Ayyā Medhānandī Bhikkhunī, is the founder and guiding teacher of Sati Sārāņīya Hermitage, a forest monastery for women in the Theravāda tradition.
The daughter of Eastern European refugees who emigrated to Montreal after World War II, she began a spiritual quest in childhood that led her to India, Burma, England, New Zealand, Malaysia, Taiwan, and finally, back to Canada.
In 1988, at the Yangon Mahasi retreat centre in Burma, Ayyā requested ordination as a bhikkhunī from her teacher, the Venerable Sayādaw U Pandita Mahāthera. This was not yet possible for Theravāda Buddhist women. Instead, Sayādaw granted her ordination as a 10 precept nun on condition that she take her vows for life. Thus began her monastic training in the Burmese tradition.
When the borders were closed to foreigners by a military coup, in 1990 Sayādaw blessed her to join the Ajahn Chah Thai Forest Saņgha at Amaravati, UK. After ten years in their siladhāra community, Ayyā felt called to more seclusion and solitude in New Zealand and SE Asia.
In 2007, having lived as an alms-mendicant Buddhist nun for nearly 20 years, she received bhikkhunī ordination at Ling Quan Chan Monastery in Keelung, Taiwan. In 2008, on invitation from the Ottawa Buddhist Society and Toronto Theravāda Buddhist Community, Ayyā returned to her native Canada to establish Sati Sārāņīya Hermitage.
Responding to questions about social change during pandemic time protests: seeing that we are the owners of our actions, subject to the law of kamma, we can embody the Buddha's teachings by respecting all beings with compassion, nonviolence and our foundation in virtue, and choosing wise leaders who uphold these principles.
When change and unrest foment around us, we must guard the mind and protect it from disruptive emotions such as fear or anger that may lead us to speak or act unskillfully. In this pandemic of moral decay and heightened fear, seeing how we are not in control, we care both for ourselves and others, morally and spiritually. To bring reform or healing in the world, we speak or act from an inner quiet, not boiling with anger or resentment, but from a heart tempered with patience, compassion, wisdom and peace. A talk given online during Covid-19 and global anti-racism protests.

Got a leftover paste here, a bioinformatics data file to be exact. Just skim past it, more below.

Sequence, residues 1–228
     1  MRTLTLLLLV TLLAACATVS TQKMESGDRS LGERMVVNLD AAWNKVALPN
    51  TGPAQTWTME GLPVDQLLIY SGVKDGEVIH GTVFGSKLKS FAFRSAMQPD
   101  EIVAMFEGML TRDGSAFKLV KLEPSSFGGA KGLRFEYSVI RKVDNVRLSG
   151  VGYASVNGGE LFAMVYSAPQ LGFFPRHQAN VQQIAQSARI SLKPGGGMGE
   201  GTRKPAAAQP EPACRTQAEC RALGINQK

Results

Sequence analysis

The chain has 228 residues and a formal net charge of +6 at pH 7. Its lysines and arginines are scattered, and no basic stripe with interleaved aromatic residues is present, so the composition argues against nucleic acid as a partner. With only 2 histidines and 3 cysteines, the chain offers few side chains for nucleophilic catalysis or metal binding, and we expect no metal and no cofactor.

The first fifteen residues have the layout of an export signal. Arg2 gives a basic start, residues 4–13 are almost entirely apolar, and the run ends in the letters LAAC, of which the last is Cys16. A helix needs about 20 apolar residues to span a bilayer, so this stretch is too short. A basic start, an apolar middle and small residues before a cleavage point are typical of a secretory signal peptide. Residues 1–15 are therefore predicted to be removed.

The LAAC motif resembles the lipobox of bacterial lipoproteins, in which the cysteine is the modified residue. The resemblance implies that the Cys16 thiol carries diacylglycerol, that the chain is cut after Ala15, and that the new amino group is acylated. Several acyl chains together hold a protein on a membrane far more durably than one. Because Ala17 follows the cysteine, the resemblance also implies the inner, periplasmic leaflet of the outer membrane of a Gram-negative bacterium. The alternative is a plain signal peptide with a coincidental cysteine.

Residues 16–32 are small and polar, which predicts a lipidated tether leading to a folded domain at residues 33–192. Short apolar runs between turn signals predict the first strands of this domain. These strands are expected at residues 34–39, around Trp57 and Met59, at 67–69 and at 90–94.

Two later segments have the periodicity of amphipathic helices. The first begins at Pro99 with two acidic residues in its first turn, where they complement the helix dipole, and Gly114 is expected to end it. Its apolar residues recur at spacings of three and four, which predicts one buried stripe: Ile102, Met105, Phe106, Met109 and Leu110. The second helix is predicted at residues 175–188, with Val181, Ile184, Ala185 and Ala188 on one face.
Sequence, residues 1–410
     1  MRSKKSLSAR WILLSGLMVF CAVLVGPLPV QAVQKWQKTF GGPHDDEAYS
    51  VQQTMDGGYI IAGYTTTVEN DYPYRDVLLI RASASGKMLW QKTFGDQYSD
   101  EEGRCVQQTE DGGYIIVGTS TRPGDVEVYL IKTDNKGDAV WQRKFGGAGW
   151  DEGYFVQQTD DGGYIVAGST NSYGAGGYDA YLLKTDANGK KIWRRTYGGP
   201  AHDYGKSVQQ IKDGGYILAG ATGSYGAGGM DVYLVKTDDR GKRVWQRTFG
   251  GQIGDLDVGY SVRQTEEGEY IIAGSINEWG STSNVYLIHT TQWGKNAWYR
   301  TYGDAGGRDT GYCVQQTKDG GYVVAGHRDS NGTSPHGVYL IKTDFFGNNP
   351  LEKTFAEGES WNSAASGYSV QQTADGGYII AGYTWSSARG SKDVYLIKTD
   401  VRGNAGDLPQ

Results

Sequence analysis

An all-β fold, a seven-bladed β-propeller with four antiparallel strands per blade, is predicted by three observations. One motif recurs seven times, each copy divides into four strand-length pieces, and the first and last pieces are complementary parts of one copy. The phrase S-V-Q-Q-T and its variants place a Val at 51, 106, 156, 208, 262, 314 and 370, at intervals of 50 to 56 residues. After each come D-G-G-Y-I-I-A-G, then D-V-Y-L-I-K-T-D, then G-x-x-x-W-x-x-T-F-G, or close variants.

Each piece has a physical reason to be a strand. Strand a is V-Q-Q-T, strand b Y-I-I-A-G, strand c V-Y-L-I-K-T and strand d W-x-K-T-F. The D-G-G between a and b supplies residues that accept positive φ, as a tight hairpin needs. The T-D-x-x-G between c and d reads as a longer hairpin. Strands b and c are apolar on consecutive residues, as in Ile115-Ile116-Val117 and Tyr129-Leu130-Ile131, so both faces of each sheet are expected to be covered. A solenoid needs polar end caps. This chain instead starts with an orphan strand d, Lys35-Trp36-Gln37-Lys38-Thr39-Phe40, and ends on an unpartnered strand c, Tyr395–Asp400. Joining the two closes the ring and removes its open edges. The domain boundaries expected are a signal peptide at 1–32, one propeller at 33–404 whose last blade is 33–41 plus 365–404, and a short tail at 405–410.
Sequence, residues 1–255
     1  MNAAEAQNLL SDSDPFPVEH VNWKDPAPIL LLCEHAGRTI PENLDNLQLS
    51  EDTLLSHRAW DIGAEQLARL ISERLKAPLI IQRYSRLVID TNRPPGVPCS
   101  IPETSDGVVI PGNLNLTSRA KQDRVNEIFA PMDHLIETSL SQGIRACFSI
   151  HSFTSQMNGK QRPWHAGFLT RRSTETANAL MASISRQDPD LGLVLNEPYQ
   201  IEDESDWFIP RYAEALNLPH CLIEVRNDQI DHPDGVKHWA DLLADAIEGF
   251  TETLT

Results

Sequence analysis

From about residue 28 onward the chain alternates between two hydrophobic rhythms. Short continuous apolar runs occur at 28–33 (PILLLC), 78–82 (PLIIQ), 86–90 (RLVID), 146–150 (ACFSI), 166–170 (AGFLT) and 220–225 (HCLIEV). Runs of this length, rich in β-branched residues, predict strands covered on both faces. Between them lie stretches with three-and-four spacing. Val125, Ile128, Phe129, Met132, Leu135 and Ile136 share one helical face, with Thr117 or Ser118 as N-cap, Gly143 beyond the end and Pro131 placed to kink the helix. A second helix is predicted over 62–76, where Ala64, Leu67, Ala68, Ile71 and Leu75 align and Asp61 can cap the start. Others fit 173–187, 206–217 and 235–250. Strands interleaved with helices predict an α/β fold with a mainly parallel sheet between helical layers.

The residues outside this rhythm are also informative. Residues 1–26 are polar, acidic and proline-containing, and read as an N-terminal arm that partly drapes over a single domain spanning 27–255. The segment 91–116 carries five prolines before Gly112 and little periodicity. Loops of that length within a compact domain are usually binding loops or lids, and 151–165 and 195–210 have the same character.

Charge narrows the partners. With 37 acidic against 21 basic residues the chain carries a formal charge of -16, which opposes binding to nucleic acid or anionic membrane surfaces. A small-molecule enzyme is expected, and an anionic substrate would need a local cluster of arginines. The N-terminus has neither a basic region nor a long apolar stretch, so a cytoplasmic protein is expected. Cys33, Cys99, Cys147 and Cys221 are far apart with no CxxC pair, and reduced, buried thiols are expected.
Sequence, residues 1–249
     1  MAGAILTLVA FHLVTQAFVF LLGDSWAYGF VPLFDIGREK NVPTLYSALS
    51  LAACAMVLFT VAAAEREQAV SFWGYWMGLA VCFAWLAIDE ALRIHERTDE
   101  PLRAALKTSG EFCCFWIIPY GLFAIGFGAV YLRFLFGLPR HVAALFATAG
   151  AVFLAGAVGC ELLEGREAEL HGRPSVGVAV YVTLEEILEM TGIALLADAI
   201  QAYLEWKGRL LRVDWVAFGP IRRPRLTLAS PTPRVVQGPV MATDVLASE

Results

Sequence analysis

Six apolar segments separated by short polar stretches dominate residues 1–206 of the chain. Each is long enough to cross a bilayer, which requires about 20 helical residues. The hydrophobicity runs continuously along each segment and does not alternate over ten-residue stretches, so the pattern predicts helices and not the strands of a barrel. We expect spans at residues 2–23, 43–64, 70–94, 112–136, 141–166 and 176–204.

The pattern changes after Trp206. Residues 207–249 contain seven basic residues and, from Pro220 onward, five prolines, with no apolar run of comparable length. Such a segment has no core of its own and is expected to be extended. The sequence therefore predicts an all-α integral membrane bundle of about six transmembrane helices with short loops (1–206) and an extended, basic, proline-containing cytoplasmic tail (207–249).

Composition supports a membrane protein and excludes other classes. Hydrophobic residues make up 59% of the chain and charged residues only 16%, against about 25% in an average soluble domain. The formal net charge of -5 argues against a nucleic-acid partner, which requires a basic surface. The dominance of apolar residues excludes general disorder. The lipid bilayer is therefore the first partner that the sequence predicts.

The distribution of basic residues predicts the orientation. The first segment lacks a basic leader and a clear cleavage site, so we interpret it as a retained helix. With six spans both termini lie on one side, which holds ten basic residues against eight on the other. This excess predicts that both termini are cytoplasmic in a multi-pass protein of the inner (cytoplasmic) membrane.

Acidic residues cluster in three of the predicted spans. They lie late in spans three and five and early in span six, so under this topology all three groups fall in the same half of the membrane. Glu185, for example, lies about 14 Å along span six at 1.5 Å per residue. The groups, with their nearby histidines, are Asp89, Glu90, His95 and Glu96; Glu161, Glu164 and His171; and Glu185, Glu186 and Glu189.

Waking up to our spiritual wealth, we learn the true currency of Covid - it is not fear and frailty but courage, compassion, loving-kindness, community and connection. We see what is protection for ourselves and for each other, dwelling with the Dhamma, the Truth, as our safety - our island and refuge.
What happens when we sit in a sacred space and can empty and purify ourselves? We are able to taste only sacredness, to experience another level of being that is vast and without boundaries, to be in awe of the wondrous quality of the pure heart. A talk given during a 10 day retreat at the Sisters of St. Joseph Convent, Pembroke, Ontario, Canada in 2009.
With the advent of the Winter Solstice - the shortest day of the year - comes the promise that the light will return. We can honour this principle in our practice by turning towards the light that is revealed in our own minds. The goodness and purity of this light can connect us to unconditional peace and love. A talk given at the Ottawa Buddhist Society in 2008.
When you move towards what is fearful step by step with courage, it is possible to overcome the darkest moments breath by breath. Draw together all the threads of your life, and let each one go strand by strand. A guided meditation on death at a 10 day retreat, Galilee Centre, Arnprior, Ontario Canada.